Have a blast dressing down your ties, #teambutch! And send in your pics--I want to see you rocking these looks.
I love autumn for many reasons, but the top three are:
1. Pretty leaves.
2. Pumpkin pie.
3. It's tie season again!
As a few of you have mentioned to me, I've been pretty lousy about keeping the Butch Store up to date, but I hereby resolve to do better. Not only do I make a whopping $9-$15 every month (because 5-6% of the proceeds go to support this site when you shop there), but making sure butches look good is a service to our great community.
With that in mind, I'm reviving the Butch Store, and promise to have more terrific, up-to-date recommendations for clothing and more, starting with ties.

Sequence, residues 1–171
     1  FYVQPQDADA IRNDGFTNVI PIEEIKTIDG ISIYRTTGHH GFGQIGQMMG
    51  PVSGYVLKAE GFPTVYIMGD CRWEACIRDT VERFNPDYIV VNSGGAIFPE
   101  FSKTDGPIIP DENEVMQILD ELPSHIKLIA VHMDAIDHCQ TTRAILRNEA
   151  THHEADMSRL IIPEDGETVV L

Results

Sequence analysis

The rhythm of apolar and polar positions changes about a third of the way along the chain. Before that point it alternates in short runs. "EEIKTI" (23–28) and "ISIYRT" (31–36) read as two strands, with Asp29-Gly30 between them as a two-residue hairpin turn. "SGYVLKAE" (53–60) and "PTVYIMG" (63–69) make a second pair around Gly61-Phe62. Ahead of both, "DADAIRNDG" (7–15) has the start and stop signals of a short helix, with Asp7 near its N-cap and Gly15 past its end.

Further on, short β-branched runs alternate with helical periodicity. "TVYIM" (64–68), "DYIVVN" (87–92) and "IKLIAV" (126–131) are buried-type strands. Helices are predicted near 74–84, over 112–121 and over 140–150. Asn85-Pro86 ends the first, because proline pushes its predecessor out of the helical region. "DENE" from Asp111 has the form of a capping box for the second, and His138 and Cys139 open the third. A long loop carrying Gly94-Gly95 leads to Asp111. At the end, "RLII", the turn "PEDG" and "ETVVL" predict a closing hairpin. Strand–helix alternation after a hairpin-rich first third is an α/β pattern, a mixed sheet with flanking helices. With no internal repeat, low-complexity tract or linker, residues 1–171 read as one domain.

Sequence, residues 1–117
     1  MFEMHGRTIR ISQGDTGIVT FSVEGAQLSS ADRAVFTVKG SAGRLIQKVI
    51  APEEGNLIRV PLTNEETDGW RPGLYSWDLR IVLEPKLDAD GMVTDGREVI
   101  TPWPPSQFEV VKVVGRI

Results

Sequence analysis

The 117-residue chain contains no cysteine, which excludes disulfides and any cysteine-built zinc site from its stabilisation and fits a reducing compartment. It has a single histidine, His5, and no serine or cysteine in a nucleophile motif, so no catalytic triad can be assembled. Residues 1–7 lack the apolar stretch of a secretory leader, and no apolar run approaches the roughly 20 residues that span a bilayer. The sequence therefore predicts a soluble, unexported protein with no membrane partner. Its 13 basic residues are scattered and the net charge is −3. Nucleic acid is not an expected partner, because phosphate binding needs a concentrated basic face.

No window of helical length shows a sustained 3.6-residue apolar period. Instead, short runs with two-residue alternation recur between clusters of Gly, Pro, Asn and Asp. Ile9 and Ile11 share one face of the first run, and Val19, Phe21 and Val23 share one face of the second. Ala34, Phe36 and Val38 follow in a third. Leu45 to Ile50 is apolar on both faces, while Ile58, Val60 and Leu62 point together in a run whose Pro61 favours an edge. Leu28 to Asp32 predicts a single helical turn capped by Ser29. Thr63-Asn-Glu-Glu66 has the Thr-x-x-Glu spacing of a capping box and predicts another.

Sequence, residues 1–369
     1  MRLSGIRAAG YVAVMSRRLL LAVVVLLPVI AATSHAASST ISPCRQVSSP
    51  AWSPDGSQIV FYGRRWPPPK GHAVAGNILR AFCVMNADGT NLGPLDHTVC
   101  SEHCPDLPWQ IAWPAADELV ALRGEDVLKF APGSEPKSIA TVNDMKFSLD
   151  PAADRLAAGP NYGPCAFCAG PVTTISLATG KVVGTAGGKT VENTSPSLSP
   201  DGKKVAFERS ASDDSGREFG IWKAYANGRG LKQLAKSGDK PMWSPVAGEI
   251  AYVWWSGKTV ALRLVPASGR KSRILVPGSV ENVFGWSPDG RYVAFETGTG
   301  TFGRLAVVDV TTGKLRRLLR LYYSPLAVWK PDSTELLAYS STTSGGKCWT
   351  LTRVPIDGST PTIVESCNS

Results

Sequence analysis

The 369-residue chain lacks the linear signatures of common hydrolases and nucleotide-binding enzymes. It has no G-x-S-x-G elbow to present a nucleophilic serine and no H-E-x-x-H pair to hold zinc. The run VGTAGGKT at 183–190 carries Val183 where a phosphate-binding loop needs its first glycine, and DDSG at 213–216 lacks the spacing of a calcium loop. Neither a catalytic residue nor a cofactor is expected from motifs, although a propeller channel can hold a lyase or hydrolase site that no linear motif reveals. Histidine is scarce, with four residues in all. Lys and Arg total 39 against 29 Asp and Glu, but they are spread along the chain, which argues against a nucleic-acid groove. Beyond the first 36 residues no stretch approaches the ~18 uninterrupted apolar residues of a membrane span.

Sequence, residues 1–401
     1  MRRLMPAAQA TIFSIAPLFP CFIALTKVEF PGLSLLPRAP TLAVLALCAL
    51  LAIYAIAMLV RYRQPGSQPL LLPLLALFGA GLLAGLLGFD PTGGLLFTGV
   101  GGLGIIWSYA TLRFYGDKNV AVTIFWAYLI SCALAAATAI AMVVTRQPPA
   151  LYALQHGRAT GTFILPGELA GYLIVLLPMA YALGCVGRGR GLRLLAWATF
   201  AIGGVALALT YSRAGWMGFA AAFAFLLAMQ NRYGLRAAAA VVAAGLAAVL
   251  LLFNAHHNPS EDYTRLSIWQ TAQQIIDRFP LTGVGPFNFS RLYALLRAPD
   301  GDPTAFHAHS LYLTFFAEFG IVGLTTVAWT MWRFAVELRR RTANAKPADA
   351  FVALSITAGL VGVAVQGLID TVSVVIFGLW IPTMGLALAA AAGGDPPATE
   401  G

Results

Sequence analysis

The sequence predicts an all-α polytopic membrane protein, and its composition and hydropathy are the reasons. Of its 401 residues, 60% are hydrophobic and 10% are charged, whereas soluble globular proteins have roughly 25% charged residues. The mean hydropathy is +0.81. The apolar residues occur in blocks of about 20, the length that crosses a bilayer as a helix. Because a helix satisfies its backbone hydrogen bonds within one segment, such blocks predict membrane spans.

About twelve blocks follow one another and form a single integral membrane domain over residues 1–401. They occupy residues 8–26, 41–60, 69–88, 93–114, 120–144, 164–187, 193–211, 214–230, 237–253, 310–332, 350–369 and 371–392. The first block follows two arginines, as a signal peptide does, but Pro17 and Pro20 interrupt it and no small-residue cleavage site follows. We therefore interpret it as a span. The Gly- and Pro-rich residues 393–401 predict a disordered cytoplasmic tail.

(BTW, I've devoted previous posts to ties: why I love wearing ties but sometimes hesitate to, dos and don'ts of tie-buying, and an ode to wool ties, for starters. You can see all my tie-related posts here.)
If men's fashion week, GQ, Esquire, and common sense are right, ties will be as popular as ever this late fall and winter. Less emphasis on looking like Don Draper, more emphasis on tailoring, wool, plaids, blues, and dark greys. So check out the Butch Store to get started, and tell me what else I should add.
Have you rocked a tie yet this fall, dear readers? What questions/concerns do you have about wearing ties? Sometime this month I'm going to post a list of tie-wearing tips, so I'd love to hear your questions!
It's officially fall, which means that it's time for all us fashionable butches to break out our sweater vests and rock 'em! To the left is today's BW getup: light grey Banana Republic shirt, black CK vest (well worn--probably time to replace it), and one of my favorite ties (Alfani: black, silver, and some different shades of pink and purple).